Academic journal article Journal of Agricultural and Resource Economics

Consumer Acceptance of Nutritionally Enhanced Genetically Modified Food: Relevance of Gene Transfer Technology

Academic journal article Journal of Agricultural and Resource Economics

Consumer Acceptance of Nutritionally Enhanced Genetically Modified Food: Relevance of Gene Transfer Technology

Article excerpt

This study examines consumer's willingness to consume different types of a nutritionally enhanced food product (i.e., breakfast cereal with calcium, omega fatty acids, or anti-oxidants) derived from grains genetically modified using two types of technologies: plant-to-plant gene transfer technology and animal-to-plant gene transfer technology. Findings indicate a majority of the respondents are willing or somewhat willing to consume the three types of nutritionally enhanced genetically modified breakfast cereal, but are less willing if the genetically modified product is derived from animal-to-plant gene transfer technology than from plant-to-plant gene transfer technology. However, the results of the ordered probit models suggest there are groups of consumers who will not approve of the use of either type of gene transfer technology even with the presence of an enhanced nutritional benefit in the product.

Key words: consumer acceptance, gene transfer technology, genetic modification, nutritionally enhanced food products, willingness to consume

Introduction

Farm-level adoption of genetically modified (GM) crops has increased dramatically since their commercial introduction in the United States in the mid-1990s. In 2002, about three-quarters of U.S. soybean acreage and more than a third of corn acreage were planted using GM seeds (U.S. Department of Agriculture, 2002). GM crops have experienced faster adoption rates in the United States than other agricultural innovations such as hybrid corn (Kalaitzandonakes, 1999). Biotechnology has emerged as a technology offering the promise of delivering foods with a wide range of nutritional, economic, and social benefits. The first generation of GM crops was marketed to agricultural producers on the basis of having important input traits such as disease or pest resistance. For instance, bioengineered Bt-corn and cotton and herbicide-resistant Round-Up Ready(TM) soybeans offered cost-saving opportunities to farmers (Marra, Pardey, and Alston, 2002).

Until recently, scientists and the biotechnology industry operated under the presumption that "sound science" would automatically lead to consumer acceptance of GM products (Krueger, 2001). Contrary to the biotechnology industry's initial optimism, however, GM food products have, so far, faced mixed regulatory and public acceptance in the United States and elsewhere (Bredahl, 1999; Gaskell et al., 1999; Hallman et al., 2002). For example, due to consumer concerns, the European Union until recently imposed severe restrictions on the use of GM crops in any segment of its food chain. Even in the United States where GM crops entered the food system without evoking major public resistance, there are signs of increased consumer anxiety about the safety of these crops (Priest, 2000). This misgiving is reflected in recent declines in public support for the use of this technology in food production. As found by surveys conducted by the International Food Information Council (2000), public acceptance of GM foods fell from 78% in 1997 to 59% in 1999.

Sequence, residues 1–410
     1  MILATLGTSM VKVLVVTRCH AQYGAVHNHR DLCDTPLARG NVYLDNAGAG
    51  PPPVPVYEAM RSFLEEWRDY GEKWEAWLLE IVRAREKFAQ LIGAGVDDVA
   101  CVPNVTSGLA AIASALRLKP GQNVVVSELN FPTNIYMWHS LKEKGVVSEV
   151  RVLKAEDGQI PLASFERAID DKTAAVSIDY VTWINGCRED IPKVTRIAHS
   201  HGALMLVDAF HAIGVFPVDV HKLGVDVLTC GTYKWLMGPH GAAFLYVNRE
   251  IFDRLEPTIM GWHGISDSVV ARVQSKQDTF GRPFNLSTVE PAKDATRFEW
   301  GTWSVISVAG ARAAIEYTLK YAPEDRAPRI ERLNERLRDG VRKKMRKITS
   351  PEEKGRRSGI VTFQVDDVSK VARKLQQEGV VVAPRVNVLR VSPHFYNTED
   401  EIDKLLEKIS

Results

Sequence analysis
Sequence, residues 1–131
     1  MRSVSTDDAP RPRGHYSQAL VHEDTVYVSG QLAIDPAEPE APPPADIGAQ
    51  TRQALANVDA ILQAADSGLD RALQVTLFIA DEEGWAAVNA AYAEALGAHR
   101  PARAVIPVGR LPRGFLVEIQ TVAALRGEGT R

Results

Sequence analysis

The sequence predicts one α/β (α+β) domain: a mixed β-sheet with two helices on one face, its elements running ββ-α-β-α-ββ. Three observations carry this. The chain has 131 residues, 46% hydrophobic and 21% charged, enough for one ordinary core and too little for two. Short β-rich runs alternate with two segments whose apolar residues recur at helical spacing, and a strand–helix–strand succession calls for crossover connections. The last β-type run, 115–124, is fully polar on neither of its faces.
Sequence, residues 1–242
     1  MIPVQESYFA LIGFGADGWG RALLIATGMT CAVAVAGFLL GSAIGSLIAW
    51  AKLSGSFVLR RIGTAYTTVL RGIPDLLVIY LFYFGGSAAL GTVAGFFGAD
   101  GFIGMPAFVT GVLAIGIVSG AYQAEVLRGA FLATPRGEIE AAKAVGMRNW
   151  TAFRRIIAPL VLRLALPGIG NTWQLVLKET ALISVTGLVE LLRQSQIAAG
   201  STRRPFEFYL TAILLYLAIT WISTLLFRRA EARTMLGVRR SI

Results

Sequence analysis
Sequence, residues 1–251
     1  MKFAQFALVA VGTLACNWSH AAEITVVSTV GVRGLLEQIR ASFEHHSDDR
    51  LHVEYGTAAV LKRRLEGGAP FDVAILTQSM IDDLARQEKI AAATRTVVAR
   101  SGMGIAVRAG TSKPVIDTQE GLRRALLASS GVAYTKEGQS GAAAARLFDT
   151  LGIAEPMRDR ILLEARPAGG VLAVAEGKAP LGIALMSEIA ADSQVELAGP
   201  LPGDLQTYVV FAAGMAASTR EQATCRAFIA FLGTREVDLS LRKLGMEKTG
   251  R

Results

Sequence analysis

Although public opposition to food biotechnology is driven primarily by concerns about the safety of GM products for humans and the environment, the use of biotechnology has been criticized also on moral, ethical, and social grounds. The use of biotechnology in plants and animals, especially gene transfer across species, has been opposed on grounds that such practices take us to "realms of God." Since genes are naturally occurring entities which can be discovered (not invented), some argue that granting patents on genetic findings and processes is morally and ethically untenable (Donagy, 2001). The use of genetic technology in agriculture has also raised some important social issues. One such issue is the perceived undesirable social consequences of permanent dependence of farmers on multinational corporations for their "means of production."

Proponents of biotechnology view current consumer resistance to GM foods as being due, in part, to the lack of tangible consumer benefits derived from this technology (Dunahay, 1999; Riley and Hoffman, 1999; Feldman, Morris, and Hoisington, 2000). …

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